Theories of Learning and How They Can Be Used to Inform Practice in the Classroom.

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This essay discusses two of the theories surrounding children's learning and development. It further goes on to discuss how they could be used to inform practice in the classroom. The two theories to be discussed are Vygotsky’s Social Development Theory and Gardner’s Multiple Intelligences Theory.

Lev Vygotsky was a Russian psychologist who lived from 1896 to 1934. He was widely involved in developing the education program of the emerging Soviet Union. At the time of his death, his theory was not known outside of the Soviet Union because it was repressed. During his life, he created a completely new and scientific approach to psychology, which did not become publicised in the West until 1962. (Hausfather, 1996)

Vygotsky’s work later became the basis for what has become known as the social development theory of learning (Mace, 2005,para.1). Vygotsky’s ideas influenced a social constructivist approach to education. The major theme of Vygotsky's theoretical framework is that social interaction plays a fundamental role in the development of cognition. Every function in the child's cultural development appears twice: first, on the social level, and later, on the individual level, first, between people (interpsychological) and then inside the child (intrapsychological). This applies equally to voluntary attention, to logical memory, and to the formation of concepts. All the higher more complex functions originate as actual relationships between individuals. (Vygotsky 1978, p. 57)

Vygotsky's Social Development Theory rests on two main principles: the More Knowledgeable Other (MKO) and the Zone of Proximal Development (ZPD). The MKO refers to anyone who has a better understanding or a higher ability level than the learner, with respect to a particular task, process, or concept. The MKO is normally thought of as being a teacher, tutor, or older adult, but the MKO could also be fellow pupils, a younger person, or even a computer (Mace, 2005,para.3).

Vygotsky maintained the child follows the adult's example and gradually develops the ability to do certain tasks without help or assistance. He called the difference between what a child can do with help and what he or she can do without guidance the "zone of proximal development" (ZPD).The whole-language approach to teaching reading and writing draws on this notion. As children play and interact with others at home and at school, they develop specific models of communication, expression and explanation. (Zone of Proximal Development n.d.)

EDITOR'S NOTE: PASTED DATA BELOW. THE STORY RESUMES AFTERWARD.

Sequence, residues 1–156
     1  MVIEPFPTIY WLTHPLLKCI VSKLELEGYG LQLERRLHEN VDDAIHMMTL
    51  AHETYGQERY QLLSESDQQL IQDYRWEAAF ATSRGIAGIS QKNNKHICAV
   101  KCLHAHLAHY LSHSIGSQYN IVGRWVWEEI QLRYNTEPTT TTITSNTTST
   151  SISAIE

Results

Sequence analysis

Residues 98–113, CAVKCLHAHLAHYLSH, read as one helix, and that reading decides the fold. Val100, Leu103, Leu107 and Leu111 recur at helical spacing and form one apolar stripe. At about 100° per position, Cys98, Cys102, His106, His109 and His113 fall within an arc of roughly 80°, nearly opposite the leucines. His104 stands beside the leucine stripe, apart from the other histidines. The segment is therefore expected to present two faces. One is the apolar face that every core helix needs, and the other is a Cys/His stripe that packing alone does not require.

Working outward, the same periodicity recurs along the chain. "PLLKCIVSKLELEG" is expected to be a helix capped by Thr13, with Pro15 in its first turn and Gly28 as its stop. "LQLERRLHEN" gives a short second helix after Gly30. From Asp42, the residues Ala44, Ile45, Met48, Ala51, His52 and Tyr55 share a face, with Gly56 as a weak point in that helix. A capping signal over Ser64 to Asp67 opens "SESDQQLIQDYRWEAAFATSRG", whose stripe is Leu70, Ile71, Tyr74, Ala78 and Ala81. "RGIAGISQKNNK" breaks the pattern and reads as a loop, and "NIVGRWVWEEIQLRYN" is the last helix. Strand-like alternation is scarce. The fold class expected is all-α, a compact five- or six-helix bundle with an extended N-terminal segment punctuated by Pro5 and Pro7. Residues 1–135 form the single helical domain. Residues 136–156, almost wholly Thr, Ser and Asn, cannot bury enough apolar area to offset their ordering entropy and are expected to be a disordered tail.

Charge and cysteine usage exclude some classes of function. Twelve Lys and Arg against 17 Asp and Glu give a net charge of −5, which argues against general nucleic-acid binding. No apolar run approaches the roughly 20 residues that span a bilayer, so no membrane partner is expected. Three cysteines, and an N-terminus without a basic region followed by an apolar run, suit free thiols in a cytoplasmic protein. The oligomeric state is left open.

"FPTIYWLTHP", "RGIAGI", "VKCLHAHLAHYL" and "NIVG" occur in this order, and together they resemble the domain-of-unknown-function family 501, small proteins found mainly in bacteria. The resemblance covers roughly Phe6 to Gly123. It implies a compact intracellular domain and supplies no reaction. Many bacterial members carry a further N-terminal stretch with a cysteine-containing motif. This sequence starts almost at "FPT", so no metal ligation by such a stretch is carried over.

Vygotsky claimed that learning occurred in this zone. Because Vygotsky asserts that learning change occurs within the zone of proximal development, instruction should be designed to reach a developmental level that is just above the learner’s current level. Vygotsky states that learning which is orientated toward developmental levels that have already been reached is ineffective from the view point of the child's overall development. (Vygotsky, 1978, p. 94).

Full development of the ZPD depends upon full social interaction. In other words the range of skill that can be achieved with adult assistance or peer association exceeds what can be attained alone. Knowledge within a discipline is important, but solving problems that encourage and help students to go beyond their current skill and knowledge level aids further development of higher functions beyond the bounds of that discipline. By implication, new knowledge can be built. In order for the ZPD to be a success, it must contain two features. The first is called subjectivity. This term describes the process of two or more individuals beginning a task with different understanding or knowledge levels who eventually arrive at a shared understanding. This knowledge is gained by the students with the lower levels of understanding and shared by the student with the higher level. The second feature is scaffolding, which refers to a change in the social support over the course of a teaching...
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